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The September 11, 2001 attacks on America reveal what is often hidden to us about ourselves, writes Clay Jones, a professor at Biola University near Los Angeles.

“We are scared of our own mortality,” he writes. “We tend to call the 9/11 perpetrators ‘monsters’ and their acts ‘inhuman.’ We find that comforting because if they really were inhuman monsters, it lets the rest of us off the hook.

However, the horrors of almost 3,000 senseless murders of civilians “are precisely human,” writes Jones. “They indict all of humankind in a particular way.”

Isn’t that a rather depressing way to look it? Yes, admits Jones:

What remains is a central, deadening sense of despair over the human species. Where can one find an affirmative meaning in life if human beings can do such things? Along with this despair there may also come a desperate new feeling of vulnerability attached to the fact that one is human. If one keeps at the Holocaust long enough, then sooner or later the ultimate truth begins to reveal itself: one knows, finally, that one might either do it, or be done to. If it could happen on such a massive scale elsewhere, then it can happen anywhere.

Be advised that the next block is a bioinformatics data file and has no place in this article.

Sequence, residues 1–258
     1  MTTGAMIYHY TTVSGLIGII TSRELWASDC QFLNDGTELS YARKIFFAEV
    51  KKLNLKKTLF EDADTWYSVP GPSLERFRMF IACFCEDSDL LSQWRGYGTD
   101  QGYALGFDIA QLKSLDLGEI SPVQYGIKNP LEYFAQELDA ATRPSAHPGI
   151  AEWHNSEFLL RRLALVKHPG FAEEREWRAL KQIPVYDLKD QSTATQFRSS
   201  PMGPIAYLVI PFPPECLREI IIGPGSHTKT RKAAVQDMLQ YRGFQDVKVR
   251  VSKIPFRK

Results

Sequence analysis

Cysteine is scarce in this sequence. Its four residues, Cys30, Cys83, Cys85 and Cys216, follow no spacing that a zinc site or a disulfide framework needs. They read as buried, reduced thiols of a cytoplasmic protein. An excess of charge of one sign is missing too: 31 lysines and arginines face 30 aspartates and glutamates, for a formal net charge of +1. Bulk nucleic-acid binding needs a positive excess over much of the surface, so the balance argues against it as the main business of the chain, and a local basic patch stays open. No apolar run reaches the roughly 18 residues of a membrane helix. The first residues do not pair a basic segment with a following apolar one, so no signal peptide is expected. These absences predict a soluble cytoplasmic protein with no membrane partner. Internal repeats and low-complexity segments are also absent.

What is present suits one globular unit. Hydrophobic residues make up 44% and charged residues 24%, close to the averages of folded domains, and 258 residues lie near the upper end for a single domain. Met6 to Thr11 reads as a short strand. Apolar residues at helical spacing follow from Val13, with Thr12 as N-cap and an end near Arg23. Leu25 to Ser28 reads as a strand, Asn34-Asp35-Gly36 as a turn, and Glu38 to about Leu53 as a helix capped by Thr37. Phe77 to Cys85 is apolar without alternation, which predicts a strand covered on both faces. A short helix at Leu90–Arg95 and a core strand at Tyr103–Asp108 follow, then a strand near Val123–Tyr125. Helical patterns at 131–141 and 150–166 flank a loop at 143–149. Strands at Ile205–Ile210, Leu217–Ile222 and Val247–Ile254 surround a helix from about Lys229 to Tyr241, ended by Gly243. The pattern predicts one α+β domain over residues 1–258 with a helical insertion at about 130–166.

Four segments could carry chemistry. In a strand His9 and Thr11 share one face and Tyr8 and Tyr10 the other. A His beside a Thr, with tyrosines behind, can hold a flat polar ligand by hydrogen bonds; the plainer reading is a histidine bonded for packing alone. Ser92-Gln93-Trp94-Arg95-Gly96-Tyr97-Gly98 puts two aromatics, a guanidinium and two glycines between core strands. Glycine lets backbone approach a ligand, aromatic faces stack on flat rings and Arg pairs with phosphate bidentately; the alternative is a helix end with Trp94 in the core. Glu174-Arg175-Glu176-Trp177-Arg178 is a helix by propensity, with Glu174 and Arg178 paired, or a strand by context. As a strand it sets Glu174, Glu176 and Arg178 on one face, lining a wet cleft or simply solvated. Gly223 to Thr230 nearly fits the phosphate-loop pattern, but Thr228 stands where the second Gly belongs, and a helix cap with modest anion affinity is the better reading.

Auschwitz survivor Elie Wiesel wrote, “Deep down… man is not only an executioner, not only a victim, not only a spectator: he is all three at once.” Auschwitz survivor Primo Levi agrees, “We must remember that these faithful followers, among them the diligent executors of human orders, were not born torturers, were not (with few exceptions) monsters: they were ordinary men.”

Likewise, Aleksandr Solzhenitsyn, who suffered eight years in a Soviet gulag, asked: “Where did this wolf-tribe appear from among our people? Does it really stem from our own roots? Our own blood?”

It is our own.

You see, as C.S. Lewis has pointed out, the real horror of war isn’t that people die. War doesn’t increase the mortality rate even one percent—everyone dies. The real horror of war is that death stares us in the face and reminds us of our ultimate destination. After all, only one thing is going to prevent absolutely every one of us from watching everyone we know die from murder, accident, or disease and that will be our own death from murder, accident, or disease.

Endless entertainment, whether of sports, sitcoms, or surfing the net, may amuse and distract us. Drugs and alcohol might blur the horror. But ultimately, the ugly truth keeps coming back—we are all going to die. And we are all going to die as beings 9/11-enabled!

These are just raw facts about humankind—true for atheist and Christian alike. But if we only stare into the face of our own corruptibility and mortality, despair is inevitable.

Who could ever hope again? Thus the liturgy-like rituals of patriotic bereavement seem incomplete.

And what is Clay’s point? Without Jesus, we are without hope, he concludes:

We needed someone from outside this world to rescue us, and that’s why many of us look to Calvary.

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